Twin strike: By handing over Gulf Cup hosting rights to Kuwait, Qatar has scored a winner
Qatar’s decision to offer Kuwait the Gulf Cup hosting rights is a goodwill gesture. It’s also an execution of sports diplomacy. While Saudi Arabia, UAE, Bahrain and Egypt have been unbending in their resolve to isolate Qatar, Kuwait has steadfastly stood by the tiny, yet defiant Gulf State.
Had the prestigious tournament taken place in Qatar, where it was originally scheduled, nothing would have changed in terms of world opinion. Rather, Qatar would have received positive reception for maintaining its standards when it came to hosting international tournaments. And on the other spectrum, the standoff would have remained and Kuwait would have continued in its quest to find peace in a tinderbox that the region has turned into.
Sports diplomacy has the power to transcend political differences and bring people together, even at the Government level. It can revive hope where there was previously only despair. Qatar, by handing over the 23rd edition of the Gulf Cup to Kuwait, has shown that it is willing to share. Qatar has had the privilege to host multiple global sports events, but it also wants others in the neighbourhood to have equal recognition as sports hub.
Kuwait especially needed this tournament. The Kuwaitis have for long been deprived of opportunities to enjoy watching international football in the country. It has thrice been suspended by FIFA for political interference since 2007. Now, with the tournament set to kick-off on December 22 in the country, there is great anticipation and excitement. There is history attached to it. The first Gulf Cup tournament took place in 1970, and was won by the Kuwaiti team.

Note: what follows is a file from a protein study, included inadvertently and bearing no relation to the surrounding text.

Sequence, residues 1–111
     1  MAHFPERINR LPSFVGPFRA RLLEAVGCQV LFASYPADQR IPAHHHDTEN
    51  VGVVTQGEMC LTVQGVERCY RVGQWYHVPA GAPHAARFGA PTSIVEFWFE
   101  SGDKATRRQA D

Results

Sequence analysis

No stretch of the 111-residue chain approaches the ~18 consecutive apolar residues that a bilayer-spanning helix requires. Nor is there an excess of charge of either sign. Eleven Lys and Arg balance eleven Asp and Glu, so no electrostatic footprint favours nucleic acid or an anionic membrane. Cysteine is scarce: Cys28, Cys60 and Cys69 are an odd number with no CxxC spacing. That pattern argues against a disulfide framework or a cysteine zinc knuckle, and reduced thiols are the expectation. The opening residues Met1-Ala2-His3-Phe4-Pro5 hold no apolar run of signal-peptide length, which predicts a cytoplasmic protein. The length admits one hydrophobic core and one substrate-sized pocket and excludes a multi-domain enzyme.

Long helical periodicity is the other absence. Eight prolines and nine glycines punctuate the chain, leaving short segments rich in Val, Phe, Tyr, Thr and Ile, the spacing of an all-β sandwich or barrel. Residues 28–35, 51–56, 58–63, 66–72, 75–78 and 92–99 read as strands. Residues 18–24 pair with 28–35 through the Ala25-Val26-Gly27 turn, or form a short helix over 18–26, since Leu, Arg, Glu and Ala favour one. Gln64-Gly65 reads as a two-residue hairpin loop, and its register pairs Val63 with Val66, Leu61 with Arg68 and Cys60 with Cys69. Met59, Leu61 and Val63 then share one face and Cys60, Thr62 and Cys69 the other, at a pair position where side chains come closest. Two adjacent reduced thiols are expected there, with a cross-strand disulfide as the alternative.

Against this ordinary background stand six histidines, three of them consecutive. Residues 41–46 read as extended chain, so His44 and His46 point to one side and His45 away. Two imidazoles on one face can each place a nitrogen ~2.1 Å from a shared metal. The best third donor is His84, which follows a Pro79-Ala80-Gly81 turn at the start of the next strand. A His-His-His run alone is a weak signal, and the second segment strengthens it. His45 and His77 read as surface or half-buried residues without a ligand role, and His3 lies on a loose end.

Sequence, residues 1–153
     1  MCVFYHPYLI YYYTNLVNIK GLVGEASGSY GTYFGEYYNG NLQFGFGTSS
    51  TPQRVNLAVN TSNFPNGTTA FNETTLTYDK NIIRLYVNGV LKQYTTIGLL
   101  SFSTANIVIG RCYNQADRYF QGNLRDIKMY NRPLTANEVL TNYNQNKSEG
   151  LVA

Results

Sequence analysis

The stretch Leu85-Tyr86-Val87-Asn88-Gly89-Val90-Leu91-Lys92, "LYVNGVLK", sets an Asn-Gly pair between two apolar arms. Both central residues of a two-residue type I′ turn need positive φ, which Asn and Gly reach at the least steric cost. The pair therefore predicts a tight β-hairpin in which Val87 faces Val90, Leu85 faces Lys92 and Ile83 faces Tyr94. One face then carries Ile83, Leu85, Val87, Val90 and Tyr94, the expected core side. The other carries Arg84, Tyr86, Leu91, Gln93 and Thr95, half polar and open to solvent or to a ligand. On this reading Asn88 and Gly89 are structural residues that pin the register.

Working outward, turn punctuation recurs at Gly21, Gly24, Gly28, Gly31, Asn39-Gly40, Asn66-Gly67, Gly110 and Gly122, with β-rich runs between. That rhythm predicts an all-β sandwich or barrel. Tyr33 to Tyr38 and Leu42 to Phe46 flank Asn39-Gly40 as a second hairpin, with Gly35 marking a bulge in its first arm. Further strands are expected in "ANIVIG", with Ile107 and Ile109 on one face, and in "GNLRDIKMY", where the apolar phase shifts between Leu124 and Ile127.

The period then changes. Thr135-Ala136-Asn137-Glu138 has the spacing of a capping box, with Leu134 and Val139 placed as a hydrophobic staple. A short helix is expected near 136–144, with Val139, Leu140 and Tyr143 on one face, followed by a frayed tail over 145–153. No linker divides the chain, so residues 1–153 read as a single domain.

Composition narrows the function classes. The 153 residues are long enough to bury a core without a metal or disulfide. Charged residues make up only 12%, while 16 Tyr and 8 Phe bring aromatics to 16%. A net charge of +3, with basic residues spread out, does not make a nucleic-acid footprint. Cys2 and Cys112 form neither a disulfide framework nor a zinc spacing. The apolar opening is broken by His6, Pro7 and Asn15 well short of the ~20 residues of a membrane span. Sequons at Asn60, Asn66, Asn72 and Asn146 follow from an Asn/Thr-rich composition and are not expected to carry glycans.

Qatar’s decision to forgo the tournament is aimed at leaving an impression on the Arab bloc, but they are likely to remain sceptical, which would be on expected lines. The blockading nations wouldn’t have joined in the tournament had it taken place in Qatar. So all’s well that ends well. The tournament will now see all the participating nations – Bahrain, Iraq, Kuwait, Oman, Qatar, Saudi Arabia, UAE and Yemen – come out in full strength and fight for the trophy. FIFA president, Gianni Infantino, has expressed gratitude, thanking Qatar for its laudable step and declaring it as a win for football lovers.
With the Gulf crisis as the backdrop, the tournament will be quite fiery, especially when the Saudis and the Emiratis lock horns with Qatar. Although the athletes don’t, and shouldn’t, really care about the political conflict that their respective countries are embroiled in, the Gulf Cup could see tempers flying. Good sense must prevail.